RESEARCH ON FOOD PARASITOLOGY

Ming-Qi Deng, and Dean O. Cliver

Background Information

Our research on food parasitology is focused on protozoan Cryptosporidium parvum and Giardia lamblia.

C. parvum, a coccidean species, is the leading waterborne pathogen with worldwide distribution. It causes self-limited watery diarrhea in immunocompetent persons and persistent, life-threatening diseases in immunocompromised invividuals, since there is no effective treatment. Cryptosporidiosis is considered to be a factor contributing to death in AIDS patients. The tranmissive stage (oocyst) of this organism is exceptionally resistant to most commercial disinfectants and can transmit among many animal species and between animals and humans, thus capable of causing large waterbrone outbreaks via contaminated drinking water supply. The 1993 Milwaukee outbreak, in which more than 403,000 persons were infected and about 100 persons eventually died, was the largest waterborne outbreak ever recorded in the history of U.S.A.. Contaminated food stuffs, such as raw milk, unpasteurized apple juice, and salads, have been associated with cryptosporidial infection. Person-to-person transmission has been documented. Other transmission routes have also been suggested. You can read more about this organism here.

G. lamblia (syn. G. duodenalis, G. intstinalis), a flagellate protozoa, was the number one cause of waterborne diseases in the U.S before the occurrence of the 1993 Milwaukee outbreak. Many epidemiological aspects of giardiasis are similar to those of cryptosporidiosis. Fortunately, the disease is less severe and it is treatable.

In the past years, our research on C. parvum and G. lamblia covered several differentaspects, such as concentration and separation of the organisms from environmental and food samples, detection of the organisms using (in-)direct immunofluorescence assays and polymerase chain reaction techniques, in vitro cultivation and viability determination, immunomagnetic separation, genetic fingerprinting of iolates of various origins, and inactivation studies.



Achievements to date from our work

Developed immunomagnetic separation systems for concentrating C. parvum oocysts and G. lamblia cysts from environmental and food samples;

Developed PCR methods for detecting C. parvum oocysts and G. lamblia cysts from environmental samples and PCR- based DNA fingerprinting methods (RAPD, PCR-RAPD) in differentiating isolates from various sources;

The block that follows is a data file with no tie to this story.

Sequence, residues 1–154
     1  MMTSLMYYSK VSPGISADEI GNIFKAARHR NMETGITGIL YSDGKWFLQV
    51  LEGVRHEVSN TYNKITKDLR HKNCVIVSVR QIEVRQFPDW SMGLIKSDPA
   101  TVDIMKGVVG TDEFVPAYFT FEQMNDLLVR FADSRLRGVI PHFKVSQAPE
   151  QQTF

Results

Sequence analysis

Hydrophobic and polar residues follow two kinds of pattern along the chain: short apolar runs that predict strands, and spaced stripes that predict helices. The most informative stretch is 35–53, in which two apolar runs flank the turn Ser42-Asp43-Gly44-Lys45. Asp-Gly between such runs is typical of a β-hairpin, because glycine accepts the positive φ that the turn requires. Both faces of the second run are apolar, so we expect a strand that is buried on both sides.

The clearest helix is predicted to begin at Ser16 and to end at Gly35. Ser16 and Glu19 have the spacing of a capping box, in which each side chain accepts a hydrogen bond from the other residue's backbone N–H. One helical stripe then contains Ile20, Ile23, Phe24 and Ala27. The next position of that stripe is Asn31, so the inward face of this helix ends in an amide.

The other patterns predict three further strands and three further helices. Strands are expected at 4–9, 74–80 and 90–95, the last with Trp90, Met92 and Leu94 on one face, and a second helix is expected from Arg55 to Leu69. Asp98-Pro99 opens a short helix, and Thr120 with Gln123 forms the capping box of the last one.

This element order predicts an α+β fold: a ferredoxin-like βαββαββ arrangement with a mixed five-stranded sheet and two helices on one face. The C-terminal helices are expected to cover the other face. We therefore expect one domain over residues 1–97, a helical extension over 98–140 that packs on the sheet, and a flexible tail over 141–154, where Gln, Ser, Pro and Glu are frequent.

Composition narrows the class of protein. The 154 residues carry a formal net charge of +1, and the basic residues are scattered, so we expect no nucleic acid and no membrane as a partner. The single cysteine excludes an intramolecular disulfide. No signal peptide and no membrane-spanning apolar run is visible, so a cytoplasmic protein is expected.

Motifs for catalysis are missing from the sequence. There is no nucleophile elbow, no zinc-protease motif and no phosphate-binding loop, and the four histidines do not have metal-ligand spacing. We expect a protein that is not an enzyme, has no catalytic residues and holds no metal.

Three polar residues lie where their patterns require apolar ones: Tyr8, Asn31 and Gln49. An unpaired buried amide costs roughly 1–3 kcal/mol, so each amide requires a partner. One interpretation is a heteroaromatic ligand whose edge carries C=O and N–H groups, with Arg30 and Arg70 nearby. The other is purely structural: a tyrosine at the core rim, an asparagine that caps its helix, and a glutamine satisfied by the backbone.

Established a semi-quantitative in vitro C. parvum infectivity assay for detection of infectious oocysts and in oocyst inactivation/survival studies;

Modeled C. parvum oocyst transmission from food contact surfaces into dairy products and oocyst survival, such information will assist in developing hazard analysis and critical control point (HACCP) systems;

Conducted research on inactivation of C. parvum by various modes, as the most recent one being biodegradation of oocysts by selectd bacterial strains.



Publications to date from our work

Deng, M. Q., D. O. Cliver, and T. W. Mariam. 1997. Immunomagnetic capture PCR to detect viable
Cryptosporidium parvum oocysts from environmental samples. Applied and Environmental Microbiology 63(8): 3134-3138.

Deng, M. Q., and D. O. Cliver. 1998. Cryptosporidium parvum development in the BS-C-1 cell line. Journal of
Parasitology 84(1): 8-15.

Deng, M. Q., and D. O. Cliver. 1998. Differentiation of Cryptosporidium parvum isolates by a simplified randomly amplified polymorphic DNA technique. Applied and Environmental Microbiology 64(5): 1954-1957.

Deng, M. Q., and D. O. Cliver. 1999. Cryptosporidium parvum studies with dairy products. International Journal of Food Microbiology 46(2): 113-121.

Deng, M. Q., and D. O. Cliver. 1999. Improved immunofluorescence assay for detection of Giardia and
Cryptosporidium from asymptomatic adult cervine animals. Parasitology Research 85(8): 733-736.

Deng, M. Q., and D. O. Cliver. 1999. Rapid DNA extraction methods and new primers for randomly amplified
polymorphic DNA analysis of Giardia duodenalis. Journal of Microbiological Methods 37(2): 193-200.

Deng, M. Q., and D. O. Cliver. 1999. Comparative detection of Cryptosporidium parvum oocysts from apple cider. In press (International Journal of Food Microbiology).

Deng, M. Q., K. M. Lam, and D. O. Cliver. 1999. Immunomagnetic separation of Cryptosporidium parvum oocysts using MACS MicroBeads and high gradient separation columns. In press (Journal of Microbiological Methods).

Deng, M. Q., R. P. Peterson, and D. O. Cliver. 1999. First findings of Cryptosporidium and Giardia in California sea lion (Zalophus californianus). Manuscript submitted (Journal of Microbiology)

Others are in preparation.

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